According to the KKB, Slovak participants at the event were enthusiastic about the idea of a politically independent body deciding on arts funding. The public, however, will have to wait and see whether it becomes reality after the June 17 elections.

England: The success story

EUROPE'S first arts council originated in Great Britain and celebrates its 60th anniversary this year.

Financed through the Arts, Media and Sports Department, which is equivalent to the Culture Ministry in Slovakia, the Arts Council of England has nine regional branches. Anthony Preston is from its northeast branch.

The Slovak Spectator (TSS): You come from the country that developed the model. How has it changed over the years?

Anthony Preston (AP):The arts council model in Great Britain has clearly changed depending on who chairs it and which government and minister is in power.

There have been different focuses at different times. When it was first established, it was very much about art for the people. The most recent direction has been to give it more regional identity, to move it from London, and to think about how every region of England is distinctive and what different approaches are needed.

TSS: The arm's length principle is now the norm in most developed countries. How much does it improve culture management and ensure fair distribution of finances?

AP: Finances are distributed according to all factors, including the level of deprivation. It has become fairer over the years and we have been divvying up the funds according to regional needs more than ever before.

The country's national lottery brings in more money seasonally, which goes to individuals and communities that normally would not get arts support. One can apply for a grant no matter where you are in your career. People can also view their evaluations, which makes it very transparent. And if you want to appeal the evaluation, you can do that, too.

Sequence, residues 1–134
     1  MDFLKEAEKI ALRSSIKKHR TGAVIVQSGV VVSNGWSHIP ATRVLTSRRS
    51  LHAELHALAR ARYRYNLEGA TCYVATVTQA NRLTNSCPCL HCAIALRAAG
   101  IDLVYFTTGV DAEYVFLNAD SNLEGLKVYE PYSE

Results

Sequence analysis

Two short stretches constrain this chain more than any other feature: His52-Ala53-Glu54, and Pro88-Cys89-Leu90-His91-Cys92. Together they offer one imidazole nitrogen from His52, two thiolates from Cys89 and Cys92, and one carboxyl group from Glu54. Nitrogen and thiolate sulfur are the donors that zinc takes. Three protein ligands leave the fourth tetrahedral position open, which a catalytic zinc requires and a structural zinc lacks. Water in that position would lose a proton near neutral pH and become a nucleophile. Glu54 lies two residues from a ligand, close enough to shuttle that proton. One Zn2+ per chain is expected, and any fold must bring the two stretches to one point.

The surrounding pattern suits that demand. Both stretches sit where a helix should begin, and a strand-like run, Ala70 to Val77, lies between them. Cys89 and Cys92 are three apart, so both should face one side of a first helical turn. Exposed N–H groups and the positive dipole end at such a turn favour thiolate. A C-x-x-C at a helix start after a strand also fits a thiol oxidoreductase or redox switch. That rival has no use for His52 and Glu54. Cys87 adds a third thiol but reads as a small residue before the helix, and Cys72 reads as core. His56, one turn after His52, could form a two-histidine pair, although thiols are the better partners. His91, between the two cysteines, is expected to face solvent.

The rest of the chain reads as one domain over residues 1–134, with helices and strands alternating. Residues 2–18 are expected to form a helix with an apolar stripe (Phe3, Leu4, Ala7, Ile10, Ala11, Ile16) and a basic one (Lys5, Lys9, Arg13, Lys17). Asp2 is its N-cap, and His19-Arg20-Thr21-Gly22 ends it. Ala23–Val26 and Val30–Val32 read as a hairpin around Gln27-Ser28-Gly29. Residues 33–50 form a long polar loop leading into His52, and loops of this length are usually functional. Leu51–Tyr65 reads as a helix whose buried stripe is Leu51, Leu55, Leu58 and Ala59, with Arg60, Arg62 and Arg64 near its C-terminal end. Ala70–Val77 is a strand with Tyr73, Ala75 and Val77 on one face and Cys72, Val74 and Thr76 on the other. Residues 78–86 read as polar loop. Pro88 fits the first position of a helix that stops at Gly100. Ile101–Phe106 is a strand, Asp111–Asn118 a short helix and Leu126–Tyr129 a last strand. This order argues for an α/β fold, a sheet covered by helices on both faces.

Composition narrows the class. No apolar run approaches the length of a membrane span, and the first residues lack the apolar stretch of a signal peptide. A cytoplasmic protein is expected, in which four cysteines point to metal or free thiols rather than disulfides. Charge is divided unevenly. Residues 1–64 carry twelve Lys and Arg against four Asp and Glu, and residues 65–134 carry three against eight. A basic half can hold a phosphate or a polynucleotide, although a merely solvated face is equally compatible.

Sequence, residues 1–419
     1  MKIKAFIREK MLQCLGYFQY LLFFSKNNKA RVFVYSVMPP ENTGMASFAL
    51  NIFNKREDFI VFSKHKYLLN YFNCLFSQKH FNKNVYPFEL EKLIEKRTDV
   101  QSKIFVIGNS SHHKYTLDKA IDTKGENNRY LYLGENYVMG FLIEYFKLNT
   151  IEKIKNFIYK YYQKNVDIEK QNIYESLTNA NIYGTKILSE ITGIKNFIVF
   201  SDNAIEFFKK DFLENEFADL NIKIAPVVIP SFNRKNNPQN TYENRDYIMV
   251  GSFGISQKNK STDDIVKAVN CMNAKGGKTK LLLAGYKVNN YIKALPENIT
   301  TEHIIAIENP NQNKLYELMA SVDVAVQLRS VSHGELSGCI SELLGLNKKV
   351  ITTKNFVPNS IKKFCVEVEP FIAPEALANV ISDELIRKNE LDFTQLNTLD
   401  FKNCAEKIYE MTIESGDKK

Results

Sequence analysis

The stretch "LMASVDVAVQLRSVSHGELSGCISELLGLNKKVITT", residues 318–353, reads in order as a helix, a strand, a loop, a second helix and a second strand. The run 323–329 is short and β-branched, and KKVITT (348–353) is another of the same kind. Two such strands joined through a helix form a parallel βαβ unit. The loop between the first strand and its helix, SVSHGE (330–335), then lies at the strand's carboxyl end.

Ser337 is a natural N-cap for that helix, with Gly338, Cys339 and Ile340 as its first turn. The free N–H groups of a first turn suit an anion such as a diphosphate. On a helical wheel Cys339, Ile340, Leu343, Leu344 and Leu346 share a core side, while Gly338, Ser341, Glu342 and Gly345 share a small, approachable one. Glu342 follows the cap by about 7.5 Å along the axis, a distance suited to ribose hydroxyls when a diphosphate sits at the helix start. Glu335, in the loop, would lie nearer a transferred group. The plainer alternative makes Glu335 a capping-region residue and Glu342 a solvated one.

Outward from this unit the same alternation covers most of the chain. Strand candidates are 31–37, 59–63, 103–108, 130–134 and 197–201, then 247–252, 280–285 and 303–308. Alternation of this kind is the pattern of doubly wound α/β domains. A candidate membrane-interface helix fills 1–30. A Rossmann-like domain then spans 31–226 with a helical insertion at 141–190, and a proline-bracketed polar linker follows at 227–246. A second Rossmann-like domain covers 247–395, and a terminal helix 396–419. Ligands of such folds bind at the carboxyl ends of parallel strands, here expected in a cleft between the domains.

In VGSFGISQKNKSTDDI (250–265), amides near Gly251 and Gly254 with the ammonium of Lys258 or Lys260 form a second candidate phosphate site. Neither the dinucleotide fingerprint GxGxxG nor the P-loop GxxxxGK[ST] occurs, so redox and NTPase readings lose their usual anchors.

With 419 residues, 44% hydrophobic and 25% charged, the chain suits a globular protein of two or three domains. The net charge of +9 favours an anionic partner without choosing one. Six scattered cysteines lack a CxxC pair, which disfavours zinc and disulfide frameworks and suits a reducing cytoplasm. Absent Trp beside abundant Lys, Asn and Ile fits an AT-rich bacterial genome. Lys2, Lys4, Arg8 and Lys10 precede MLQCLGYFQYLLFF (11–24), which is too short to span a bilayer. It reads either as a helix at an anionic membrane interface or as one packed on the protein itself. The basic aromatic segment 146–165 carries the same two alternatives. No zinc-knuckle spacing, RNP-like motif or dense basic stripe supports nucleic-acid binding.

TSS: What are the advantages of funding the arts through an independent, apolitical arts council rather than a ministry?

AP: Because the arts council has its own regional council, people take care to keep it independent of any government control. We can take our own decisions in regions that we want to concentrate and focus on. There's only a framework [designed by the government] that defines some rules.

TSS: Can an arts council substitute for a culture ministry?

AP: I think you need both. I don't think it's an either-or situation.

TSS: Why is the arm's length principle mostly applied to arts funding?

AP: For some reason, the arts are often not discussed as a function of local government. Maybe it's because there are always dustbins to be emptied and roads and health care to be provided, etc. Arts funding is, therefore, a choice. This adds quite an interesting dimension to the relationship, because an arts council must work with local government.

But there's something about the arts that makes it good to have. It helps a town's image, as well as the image of the citizens, which, in turn, attracts business. Nobody wants to work and live somewhere dull and boring. So there's an economic, as well as a social justification for it.

TSS: Why is the arm's length principle almost unknown in Central Europe? What's the situation in these countries and how can this model help?

AP:It's interesting, isn't it? The tradition here was to have government institutions that decide everything. One of the great things about the UK system is that people volunteer because they enjoy being involved in the arts, and we couldn't do it without them.

TSS: I don't know whether you are familiar with Slovakia's situation, but what model would you advise the country to adopt?

AP: I really don't know much specific about Slovakia, but I find there are some large rural areas, which is a very particular challenge. Another challenge is minority communities - how you embrace them and bring them into the picture.